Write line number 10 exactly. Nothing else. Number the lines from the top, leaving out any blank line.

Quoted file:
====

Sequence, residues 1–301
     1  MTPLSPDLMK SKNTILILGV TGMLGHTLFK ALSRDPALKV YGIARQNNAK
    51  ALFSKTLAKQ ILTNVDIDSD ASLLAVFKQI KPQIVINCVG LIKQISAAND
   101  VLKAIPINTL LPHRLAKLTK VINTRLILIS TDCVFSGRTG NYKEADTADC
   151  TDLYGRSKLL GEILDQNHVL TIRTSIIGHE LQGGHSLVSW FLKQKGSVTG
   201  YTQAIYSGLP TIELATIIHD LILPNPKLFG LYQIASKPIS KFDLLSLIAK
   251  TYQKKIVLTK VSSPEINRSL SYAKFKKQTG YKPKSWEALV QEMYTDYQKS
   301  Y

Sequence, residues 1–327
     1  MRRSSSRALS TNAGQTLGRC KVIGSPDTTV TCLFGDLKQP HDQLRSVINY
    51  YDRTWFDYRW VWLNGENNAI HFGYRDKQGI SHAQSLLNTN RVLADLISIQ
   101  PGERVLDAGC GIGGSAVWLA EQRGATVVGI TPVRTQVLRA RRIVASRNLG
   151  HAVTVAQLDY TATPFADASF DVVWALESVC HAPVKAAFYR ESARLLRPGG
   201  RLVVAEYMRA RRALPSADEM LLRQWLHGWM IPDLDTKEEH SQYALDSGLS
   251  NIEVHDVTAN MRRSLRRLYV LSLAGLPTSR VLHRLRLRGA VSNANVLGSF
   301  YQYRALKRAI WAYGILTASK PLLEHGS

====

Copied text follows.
     1  MRRSSSRALS TNAGQTLGRC KVIGSPDTTV TCLFGDLKQP HDQLRSVINY